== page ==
An excerpt from A Mistake: A Novel.
“Hello there,” Elizabeth said, leaning over the girl, smiling. “Hello. Hello Lisa.”
The girl looked up at her accusingly.
“My name is Elizabeth Taylor. Please call me Liz. I’m the consultant surgeon, and this is my registrar, Richard Whitehead.”
Elizabeth smiled wider for her.
“How are you feeling?”
The girl lay in the bed in the emergency department, and she was pale and very sick, and there were black bruises under her eyes. She had an IV in one arm and was in her very early twenties. A white girl, small and thin and turning in her pillows, selfish, inward in her pain.
She looked away to the ED nurse who had been waiting with her. The nurse was a middle-aged Englishman standing with his feet together.
He had a tag on his chest that read
with Awesome crossed out and Matt written underneath in Biro.
“Where’s the doctor—” the girl said.
Richard was beside Elizabeth, turning through the notes and murmuring.
“She’s tachycardic,” he said. “Up from an hour ago. Respiration 22 and steady, pressure is down, is why we paged.”
The girl looked past Elizabeth to the male nurse, and she said, “My shoulder. My shoulder hurts.”
Matt leaned down to her, and he said, kindly, “Does it hurt in your shoulder now?”
“Does it hurt when you breathe?” said Elizabeth.
The girl looked at her wide-eyed, and she said yes, and turned to Matt again, and Matt watched her eyes, half-smiling down at her.
“OK. That’s OK,” he said.
“She’s got no pain at McBurney’s point,” Richard said. “Doesn’t look like appendix. She’s had a total of 10 milligrams of morphine since 9:30 for increasing pain and 10 milligrams of Maxolon for the nausea.”
“Where are you from Lisa?” said Elizabeth in a conversational voice. “Lisa? Where do you live?”
“Rotorua,” the girl said, like a question.
“Are you on holiday in Wellington?” said Elizabeth. “We’re having a lovely summer down here aren’t we. Get out of the way,” and Matt stepped quickly sideways.
Elizabeth pulled the gown off the girl’s stomach. She pressed gently on the right side above her appendix. The girl squinted and tensed. Then Elizabeth pressed gently on the left side of her stomach by a cluster of small moles and the girl half-squealed in a low wheezing exhalation.
Her eyes outraged and wet.
“Did that hurt, Lisa?” said Elizabeth. “I’m sorry. You be brave now.”
The girl had started to cry and was looking at Matt. She made a keening sound then she said, “Where’s the other doctor?”
“GP at Adelaide Road saw her three days ago,” Richard said to the notes. “One day of cramping abdominal pain. Soft and tender abdomen with guarding at left iliac. Given trimethoprim, diclofenac, paracetamol, and sent away. She came back again three days later, from some camping ground in the Hutt, in a lot of pain. No bowel motion or urine for two days, elevated pulse, and they put her on IV fluids and transferred her here. Radiology suggests necrosis to bowel and organs and notes there’s an IUCD in situ.”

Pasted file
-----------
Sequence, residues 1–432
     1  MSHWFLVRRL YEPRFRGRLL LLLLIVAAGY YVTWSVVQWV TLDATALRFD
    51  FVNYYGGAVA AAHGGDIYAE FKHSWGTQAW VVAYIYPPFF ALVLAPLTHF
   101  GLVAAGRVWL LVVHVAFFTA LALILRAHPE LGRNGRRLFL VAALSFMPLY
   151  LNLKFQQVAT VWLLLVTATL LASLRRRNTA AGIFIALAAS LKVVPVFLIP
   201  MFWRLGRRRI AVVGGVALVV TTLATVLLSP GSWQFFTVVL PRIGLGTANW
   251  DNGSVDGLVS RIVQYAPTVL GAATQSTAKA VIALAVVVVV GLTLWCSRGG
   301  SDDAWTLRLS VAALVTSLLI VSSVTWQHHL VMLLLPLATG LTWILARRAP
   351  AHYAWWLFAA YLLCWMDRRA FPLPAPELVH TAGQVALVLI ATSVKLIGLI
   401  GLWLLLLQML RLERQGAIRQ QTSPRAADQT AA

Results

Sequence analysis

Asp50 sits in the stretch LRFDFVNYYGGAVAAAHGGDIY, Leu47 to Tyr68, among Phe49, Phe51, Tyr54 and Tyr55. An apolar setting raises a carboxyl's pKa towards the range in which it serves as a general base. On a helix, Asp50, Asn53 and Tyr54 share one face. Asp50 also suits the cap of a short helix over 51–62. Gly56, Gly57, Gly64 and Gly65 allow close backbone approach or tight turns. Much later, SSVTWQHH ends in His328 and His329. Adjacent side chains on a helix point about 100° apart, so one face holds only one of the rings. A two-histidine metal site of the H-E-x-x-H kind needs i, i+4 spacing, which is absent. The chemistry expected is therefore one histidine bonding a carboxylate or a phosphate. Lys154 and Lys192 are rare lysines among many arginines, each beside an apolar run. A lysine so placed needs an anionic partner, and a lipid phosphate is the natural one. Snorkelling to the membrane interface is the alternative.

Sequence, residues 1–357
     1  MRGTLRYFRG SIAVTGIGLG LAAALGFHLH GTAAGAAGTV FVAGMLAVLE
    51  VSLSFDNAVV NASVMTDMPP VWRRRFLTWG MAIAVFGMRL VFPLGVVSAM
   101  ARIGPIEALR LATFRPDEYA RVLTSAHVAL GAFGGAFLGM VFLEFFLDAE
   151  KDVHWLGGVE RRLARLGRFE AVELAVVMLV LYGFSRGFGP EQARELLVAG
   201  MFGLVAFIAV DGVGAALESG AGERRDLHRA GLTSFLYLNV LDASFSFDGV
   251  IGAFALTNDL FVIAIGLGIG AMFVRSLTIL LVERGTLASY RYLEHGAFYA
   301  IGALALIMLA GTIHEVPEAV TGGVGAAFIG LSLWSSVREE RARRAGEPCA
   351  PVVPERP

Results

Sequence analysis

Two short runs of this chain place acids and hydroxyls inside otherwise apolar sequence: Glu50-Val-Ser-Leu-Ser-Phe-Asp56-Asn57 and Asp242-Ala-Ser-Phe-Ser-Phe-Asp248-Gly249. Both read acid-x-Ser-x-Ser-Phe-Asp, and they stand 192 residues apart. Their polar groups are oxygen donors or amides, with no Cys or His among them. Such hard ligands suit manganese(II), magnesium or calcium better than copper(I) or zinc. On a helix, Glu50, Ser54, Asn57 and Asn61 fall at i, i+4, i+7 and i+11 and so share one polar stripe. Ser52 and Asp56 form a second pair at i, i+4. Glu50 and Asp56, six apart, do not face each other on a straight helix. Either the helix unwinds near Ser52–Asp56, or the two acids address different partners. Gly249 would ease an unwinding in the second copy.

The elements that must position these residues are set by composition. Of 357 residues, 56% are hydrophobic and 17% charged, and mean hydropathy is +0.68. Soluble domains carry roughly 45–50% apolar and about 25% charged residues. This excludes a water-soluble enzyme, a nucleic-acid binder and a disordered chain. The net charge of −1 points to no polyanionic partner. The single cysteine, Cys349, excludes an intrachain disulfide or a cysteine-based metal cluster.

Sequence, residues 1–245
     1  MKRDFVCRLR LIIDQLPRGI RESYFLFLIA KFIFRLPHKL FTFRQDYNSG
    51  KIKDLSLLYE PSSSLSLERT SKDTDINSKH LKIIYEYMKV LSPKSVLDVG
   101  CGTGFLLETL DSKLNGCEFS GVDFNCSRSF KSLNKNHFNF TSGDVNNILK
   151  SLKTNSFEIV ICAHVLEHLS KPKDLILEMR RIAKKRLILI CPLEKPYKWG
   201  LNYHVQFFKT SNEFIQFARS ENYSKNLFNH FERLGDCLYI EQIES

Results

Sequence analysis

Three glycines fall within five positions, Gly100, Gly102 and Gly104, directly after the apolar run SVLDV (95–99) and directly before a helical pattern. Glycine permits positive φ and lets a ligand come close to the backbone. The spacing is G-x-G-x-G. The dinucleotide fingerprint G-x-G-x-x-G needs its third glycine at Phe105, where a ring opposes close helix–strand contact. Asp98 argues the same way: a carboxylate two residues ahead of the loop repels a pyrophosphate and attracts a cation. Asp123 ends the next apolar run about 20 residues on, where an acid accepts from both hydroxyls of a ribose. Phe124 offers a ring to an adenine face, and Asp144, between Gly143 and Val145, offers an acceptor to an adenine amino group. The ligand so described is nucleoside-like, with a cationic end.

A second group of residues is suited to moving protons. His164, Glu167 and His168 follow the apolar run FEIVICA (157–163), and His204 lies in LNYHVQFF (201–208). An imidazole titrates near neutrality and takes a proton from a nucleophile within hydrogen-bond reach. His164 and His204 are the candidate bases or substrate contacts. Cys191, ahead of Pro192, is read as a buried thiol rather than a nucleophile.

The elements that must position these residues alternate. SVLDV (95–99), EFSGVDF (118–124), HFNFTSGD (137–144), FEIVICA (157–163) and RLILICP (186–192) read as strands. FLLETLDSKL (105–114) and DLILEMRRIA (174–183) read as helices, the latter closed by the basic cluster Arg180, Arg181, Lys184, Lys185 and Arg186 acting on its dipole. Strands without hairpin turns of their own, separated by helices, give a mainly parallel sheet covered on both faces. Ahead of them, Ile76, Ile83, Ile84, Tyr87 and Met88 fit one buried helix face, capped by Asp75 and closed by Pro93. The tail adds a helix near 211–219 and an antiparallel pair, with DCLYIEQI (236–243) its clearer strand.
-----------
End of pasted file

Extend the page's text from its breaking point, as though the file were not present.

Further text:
Elizabeth listened and looked down kindly at the girl. “Lisa,” said Elizabeth.
“Lisa. Are you pregnant, Lisa?”
“No. No, I don’t think so. No? Is it a baby? Is it a baby?” she said, and she stared at Elizabeth and at Matt.
Richard flicked through the notes.
“BhCG negative. It was added to the labs.”
“Who did that,” murmured Elizabeth.
“It was a locum I think,” said Richard and looked around the ED.
“Good for them,” said Elizabeth. “Someone’s on the ball. Who’s with her? Do you have someone with you like a boyfriend or your parents, Lisa?”
The girl looked left and right. Her breathing becoming more shallow, more desperate.
“The boyfriend’s outside,” said Matt.
“Is your boyfriend with you Lisa?” said Elizabeth. “What’s your boyfriend’s name? Is he from Rotorua too?”
The girl looked left and right again. “Stuart,” she said, and as she spoke Elizabeth pushed her stomach down again above her left hipbone with three fingers, and this time, the girl screamed.
“OK now, we’re going to take care of you, Lisa,” Elizabeth said. “You be brave now.”
“Where’s the doctor,” she said, very angry now, and Elizabeth ignored her.
“Well,” she said to Richard.
“Uh,” he said, and he looked at the chart. “Clearly … intra-abdominal catastrophe. Immediate surgery to assess for ruptured viscus, bowel, or appendix. Aggressive fluids and transfer to theatre for laparoscopy.”
Elizabeth said, “Well. Possibly. I think we’d rather provisionally suggest pelvic peritonitis maybe due to salpingitis. You said yourself she had no pain at McBurney’s, and this was confirmed by examination right in front of you. Why add appendix to that list? Leaving yourself outs? I agree with the immediate urgent laparoscopy. Three units of packed red blood cells crossmatched and prep for theatre and page Dr. Mirnov to consent her.”
Richard was nodding and nodding and staring at the notes.
Elizabeth turned back to the girl.
She was moaning and had closed her eyes.
In the corridors from ED to theatre Elizabeth’s sneakers slapped and squeaked. Her father’s only daughter, 42 years old, youngest and the only woman consultant general surgeon at Wellington. Sudden bursts of light as the sun went west over the valley as she walked, and her sneakers slapped and squeaked on the shining linoleum. Mid-afternoon, now, clouds creeping south over Newtown. There was a black-eyed little sparrow trapped inside the hospital, testing the windows, flying from sill to sill down the corridor. As she walked, she called Simon Martin to get on with a boring hernia repair she’d been about to begin when she was paged, and then she called theatre to get ready for this girl.
“Robin,” she said into the phone. “Prep for laparoscopy and a peritoneal washout and removal of IUCD. She’s septic and will need antibiotic cover. Tell Vladimir we’re on our way. How are you, anyway?”
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